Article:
Suddenly, Nashville-style hot chicken is popping up all over in the form of new restaurants or as menu items at others such as KFC and O’Charley’s. In Louisville, Joella’s Hot Chicken and Royals Hot Chicken both opened in the last year, and those restaurants are regularly packed. Those in the know who have long had their favorite Nashville chicken spot — Prince’s (supposedly the first), Hattie B’s, Bolton’s or others — or newbies working their way up the heat ladder to the tantalizing (or terrifying) top, may have wondered if it is possible to make hot chicken themselves, at home. I’m here to tell you that it is possible, though a bit of a challenge, and it may take some experimenting to reach the right heat level.
Nashville hot chicken is nothing like hot wings, which are easily done by dousing chicken wings in a commercial hot sauce like Frank’s or Tabasco and popping them in the oven or under the broiler. Hot chicken is more elaborate.
In both theory and practice, hot chicken has three applications of spicy flavor — in the brine, in the coating, and in a basting of ground hot pepper-infused oil or paste of oil and ground peppers, both of which are applied after the bird is cooked. In order to get those steps just right, Louisville’s two local hot chicken gurus, Tony Palombino of Joella’s and Ryan Rogers of Royals, did quite a bit of research and experimenting to come up with their products. Although I will give a workable recipe at the end here, a home cook is likely to have to do similar testing and experimenting with spices and frying styles to achieve a desired result.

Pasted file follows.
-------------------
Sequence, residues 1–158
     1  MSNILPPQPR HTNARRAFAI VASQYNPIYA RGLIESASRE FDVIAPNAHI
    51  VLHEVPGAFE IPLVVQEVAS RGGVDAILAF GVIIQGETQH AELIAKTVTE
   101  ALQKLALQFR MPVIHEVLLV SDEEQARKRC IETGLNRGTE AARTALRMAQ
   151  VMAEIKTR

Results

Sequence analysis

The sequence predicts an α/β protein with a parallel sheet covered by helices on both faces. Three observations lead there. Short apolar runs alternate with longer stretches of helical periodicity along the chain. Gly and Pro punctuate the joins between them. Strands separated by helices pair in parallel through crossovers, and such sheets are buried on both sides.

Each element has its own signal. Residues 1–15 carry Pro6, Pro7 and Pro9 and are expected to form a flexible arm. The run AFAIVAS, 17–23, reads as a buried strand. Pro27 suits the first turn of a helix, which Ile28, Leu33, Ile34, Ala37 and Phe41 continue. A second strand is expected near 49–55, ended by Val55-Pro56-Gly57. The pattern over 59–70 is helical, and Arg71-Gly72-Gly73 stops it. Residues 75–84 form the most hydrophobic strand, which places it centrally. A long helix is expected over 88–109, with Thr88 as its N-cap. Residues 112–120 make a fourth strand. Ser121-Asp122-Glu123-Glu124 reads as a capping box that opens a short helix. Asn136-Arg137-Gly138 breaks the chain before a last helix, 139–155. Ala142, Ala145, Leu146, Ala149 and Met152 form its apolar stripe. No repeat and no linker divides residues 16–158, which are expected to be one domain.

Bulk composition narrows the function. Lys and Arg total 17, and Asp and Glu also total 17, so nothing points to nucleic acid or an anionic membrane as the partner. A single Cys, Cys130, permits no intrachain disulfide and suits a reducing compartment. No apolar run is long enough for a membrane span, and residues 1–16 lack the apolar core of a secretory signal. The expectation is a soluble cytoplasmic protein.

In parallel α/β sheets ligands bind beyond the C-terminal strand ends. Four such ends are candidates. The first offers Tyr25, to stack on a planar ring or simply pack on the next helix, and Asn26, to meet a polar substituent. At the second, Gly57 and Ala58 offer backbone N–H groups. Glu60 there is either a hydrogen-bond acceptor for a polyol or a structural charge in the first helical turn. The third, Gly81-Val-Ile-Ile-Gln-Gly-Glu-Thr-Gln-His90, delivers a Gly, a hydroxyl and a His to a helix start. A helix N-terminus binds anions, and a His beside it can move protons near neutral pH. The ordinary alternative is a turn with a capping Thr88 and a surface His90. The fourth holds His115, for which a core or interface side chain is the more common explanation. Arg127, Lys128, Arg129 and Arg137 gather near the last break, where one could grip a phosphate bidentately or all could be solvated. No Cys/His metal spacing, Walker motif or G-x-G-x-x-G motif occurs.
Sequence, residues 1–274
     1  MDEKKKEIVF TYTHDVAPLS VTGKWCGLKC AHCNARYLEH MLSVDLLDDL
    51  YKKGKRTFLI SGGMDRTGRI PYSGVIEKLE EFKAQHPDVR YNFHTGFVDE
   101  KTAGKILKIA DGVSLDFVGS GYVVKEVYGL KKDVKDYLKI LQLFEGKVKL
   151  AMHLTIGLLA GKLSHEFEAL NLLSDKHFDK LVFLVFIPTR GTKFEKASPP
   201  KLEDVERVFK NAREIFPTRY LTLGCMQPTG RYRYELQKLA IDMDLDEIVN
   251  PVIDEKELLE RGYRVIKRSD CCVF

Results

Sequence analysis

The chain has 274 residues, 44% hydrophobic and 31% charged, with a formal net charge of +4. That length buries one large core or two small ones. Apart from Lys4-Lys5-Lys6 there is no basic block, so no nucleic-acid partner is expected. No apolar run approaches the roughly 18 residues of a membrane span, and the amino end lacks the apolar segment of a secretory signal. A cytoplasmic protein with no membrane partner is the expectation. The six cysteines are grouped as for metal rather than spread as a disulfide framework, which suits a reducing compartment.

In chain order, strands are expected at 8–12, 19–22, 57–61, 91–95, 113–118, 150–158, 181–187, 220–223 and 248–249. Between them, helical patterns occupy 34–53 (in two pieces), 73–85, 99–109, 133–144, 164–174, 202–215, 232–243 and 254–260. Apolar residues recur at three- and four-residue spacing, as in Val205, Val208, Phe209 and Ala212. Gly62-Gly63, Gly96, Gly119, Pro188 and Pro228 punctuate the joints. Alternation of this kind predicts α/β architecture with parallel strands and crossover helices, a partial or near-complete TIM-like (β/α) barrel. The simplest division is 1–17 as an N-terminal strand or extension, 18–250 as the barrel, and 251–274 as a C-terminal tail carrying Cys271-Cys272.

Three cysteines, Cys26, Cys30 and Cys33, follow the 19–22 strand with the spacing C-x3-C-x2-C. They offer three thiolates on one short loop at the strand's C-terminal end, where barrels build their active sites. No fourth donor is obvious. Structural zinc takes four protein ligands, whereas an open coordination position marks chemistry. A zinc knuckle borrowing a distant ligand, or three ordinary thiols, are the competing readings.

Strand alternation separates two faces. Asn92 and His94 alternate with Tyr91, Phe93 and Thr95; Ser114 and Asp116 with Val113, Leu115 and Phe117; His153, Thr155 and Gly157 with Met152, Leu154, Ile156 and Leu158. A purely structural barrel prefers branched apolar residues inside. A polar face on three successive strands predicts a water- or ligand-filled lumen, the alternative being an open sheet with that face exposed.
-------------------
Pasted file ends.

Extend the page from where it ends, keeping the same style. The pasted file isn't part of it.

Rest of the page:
Both Rogers and Palombino point out that in Nashville, every hot chicken emporium does it differently, be it their breading, method of frying or the amount of heat added to the final product. Typically, this happens through the use of varying types of cayenne pepper; some are hotter than others. If you are going to try this at home, similar experiments with different ap-proaches are suggested.
Perhaps it might be useful to see how local chefs got hooked on this way of frying chicken.
How hot chicken came to Louisville
As he and a friend drove back from an intensive Memphis barbecue-indulgent weekend via Nashville, Rogers became convinced that opening a Nashville-style hot chicken restaurant in Louisville would be a good idea. This revelation came upon him as he broke out in an uncontrollable sweat, his eyes teared up and he felt so jittery that he had to turn the driving over to his buddy. Rogers was enjoying the endorphin rush from his sampling of the full range of “hot” in the hot chicken in Nashville, and he believed diners in Louisville would share his passion for hot chicken. His momentary suffering served as the inspiration for Royals Hot Chicken.
Tony Palombino took a more measured, businesslike approach to developing his newest venture, Joella’s Hot Chicken. When brainstorming new menu ideas for his Main Street honky-tonk bar and music venue, Manny & Merle, he thought about the foods of Nashville and began testing his hot chicken recipe on customers. Soon after, he noticed food orders overall doubled and that one-third of the increase was attributable to hot chicken orders.